Sunday, July 10, 2011

Discontinuation of Quetiapine (SEROQUEL) From an NIMH-Funded Trial Due to Serious Adverse Events

 Do the benefits outweigh the risk? The Grim Sleeper above wants you to believe they do!

I happened to come across this study of quetiapine (seroquel) copy & pasted below. This information should be sounding off alarm bells and raising grave concerns over a drug that has been continually approved for ever expanding indications by the FDA. It should be stated that we (the citizens of America) have stood idol & watched as a drug assault upon America has transpired based on at best questionable clinical trial study data that in many cases is not only skewed; but controlled, manipulated, & directly funded by AstraZeneca.

  This all has the evidenced appearance to be nothing short of a colossal marketing campaign masked as legitimate scientific data/endeavors. Please check out what AstraZeneca has in the pipeline for Seroquel as that patent clock continues to tick down -->U.S.National Institutes of Health:Clinical trials:quetiapine (Seroquel); and then take a moment to ask yourself how a dangerous and powerful anti-psychotic drug has become one of the most prescribed and profitable drugs in America (worth multiple billions of dollars in sales and profit each year) ?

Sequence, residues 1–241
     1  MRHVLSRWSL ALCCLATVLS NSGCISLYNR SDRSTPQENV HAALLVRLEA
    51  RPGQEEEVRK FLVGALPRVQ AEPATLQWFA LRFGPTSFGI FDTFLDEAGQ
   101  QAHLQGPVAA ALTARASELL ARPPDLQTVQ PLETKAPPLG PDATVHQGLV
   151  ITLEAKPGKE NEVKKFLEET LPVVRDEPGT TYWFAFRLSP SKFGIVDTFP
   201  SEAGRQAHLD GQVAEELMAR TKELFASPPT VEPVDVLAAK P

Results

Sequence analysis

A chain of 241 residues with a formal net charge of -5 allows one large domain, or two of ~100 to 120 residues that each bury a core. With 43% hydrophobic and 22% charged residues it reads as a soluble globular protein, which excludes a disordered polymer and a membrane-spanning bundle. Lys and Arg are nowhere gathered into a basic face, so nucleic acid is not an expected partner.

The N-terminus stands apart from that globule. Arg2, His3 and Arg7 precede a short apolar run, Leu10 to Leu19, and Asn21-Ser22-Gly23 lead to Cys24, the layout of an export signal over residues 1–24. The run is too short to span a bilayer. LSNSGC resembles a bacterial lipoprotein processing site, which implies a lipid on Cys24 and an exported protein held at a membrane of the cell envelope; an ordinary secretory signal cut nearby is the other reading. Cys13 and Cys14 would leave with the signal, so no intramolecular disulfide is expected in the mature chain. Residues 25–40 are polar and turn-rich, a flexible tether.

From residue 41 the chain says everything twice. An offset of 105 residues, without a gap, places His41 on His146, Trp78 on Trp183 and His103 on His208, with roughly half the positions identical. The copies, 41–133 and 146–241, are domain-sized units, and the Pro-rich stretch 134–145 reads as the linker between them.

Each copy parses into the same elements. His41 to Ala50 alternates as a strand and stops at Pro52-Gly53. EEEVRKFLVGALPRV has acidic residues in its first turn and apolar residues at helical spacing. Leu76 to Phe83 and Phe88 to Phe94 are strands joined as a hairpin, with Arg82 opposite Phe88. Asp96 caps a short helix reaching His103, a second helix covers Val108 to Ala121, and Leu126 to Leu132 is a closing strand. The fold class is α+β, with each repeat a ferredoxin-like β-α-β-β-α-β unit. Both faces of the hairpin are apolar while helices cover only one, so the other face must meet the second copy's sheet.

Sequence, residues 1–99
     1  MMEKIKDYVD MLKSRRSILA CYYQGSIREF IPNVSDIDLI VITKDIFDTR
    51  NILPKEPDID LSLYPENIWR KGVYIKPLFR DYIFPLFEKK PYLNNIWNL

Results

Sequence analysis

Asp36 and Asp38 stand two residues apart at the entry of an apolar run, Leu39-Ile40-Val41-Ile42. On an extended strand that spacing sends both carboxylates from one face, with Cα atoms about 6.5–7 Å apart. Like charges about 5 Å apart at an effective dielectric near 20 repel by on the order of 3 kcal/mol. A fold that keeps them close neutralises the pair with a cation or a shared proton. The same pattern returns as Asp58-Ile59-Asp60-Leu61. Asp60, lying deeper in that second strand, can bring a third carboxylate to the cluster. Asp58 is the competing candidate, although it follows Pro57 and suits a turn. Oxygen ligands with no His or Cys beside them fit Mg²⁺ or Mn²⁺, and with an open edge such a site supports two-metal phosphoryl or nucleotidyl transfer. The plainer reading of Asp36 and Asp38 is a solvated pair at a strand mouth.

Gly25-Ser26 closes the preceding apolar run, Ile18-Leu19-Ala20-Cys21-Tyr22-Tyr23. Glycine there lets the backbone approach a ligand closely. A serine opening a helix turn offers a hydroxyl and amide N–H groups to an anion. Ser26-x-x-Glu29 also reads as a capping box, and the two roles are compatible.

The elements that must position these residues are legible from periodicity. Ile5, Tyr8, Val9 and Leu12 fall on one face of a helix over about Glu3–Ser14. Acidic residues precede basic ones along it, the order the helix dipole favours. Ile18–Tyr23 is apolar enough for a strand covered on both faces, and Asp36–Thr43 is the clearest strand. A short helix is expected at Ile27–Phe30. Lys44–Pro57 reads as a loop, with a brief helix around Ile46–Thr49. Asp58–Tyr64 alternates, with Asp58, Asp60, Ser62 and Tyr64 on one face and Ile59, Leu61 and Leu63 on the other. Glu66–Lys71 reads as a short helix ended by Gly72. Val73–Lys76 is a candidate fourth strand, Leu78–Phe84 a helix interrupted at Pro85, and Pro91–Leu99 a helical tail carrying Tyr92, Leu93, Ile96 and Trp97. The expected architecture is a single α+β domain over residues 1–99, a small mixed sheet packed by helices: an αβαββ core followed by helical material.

It is definitely not because we have had an explosive epidemic of psychosis or that some unknown pathogen is causing a massive schizophrenia outbreak. 

It is no mistake many tens of thousands of users have been stricken with serious and debilitating preventable conditions from ingesting Seroquel. No expense has been spared by AstraZeneca in the marketing of this drug at every level possible; from the Representative offices of Washington DC, to your main street doctors office & and virtually every place in-between.  

As you read this study below conducted by the National Institute of Mental Health, you should ask yourself how this same government could be approving the use of this drug in younger & younger children & in many more less serious health conditions (yes, they are even now trialing this drug on toddlers and it's being used regularly off label in children as young as 2 years old).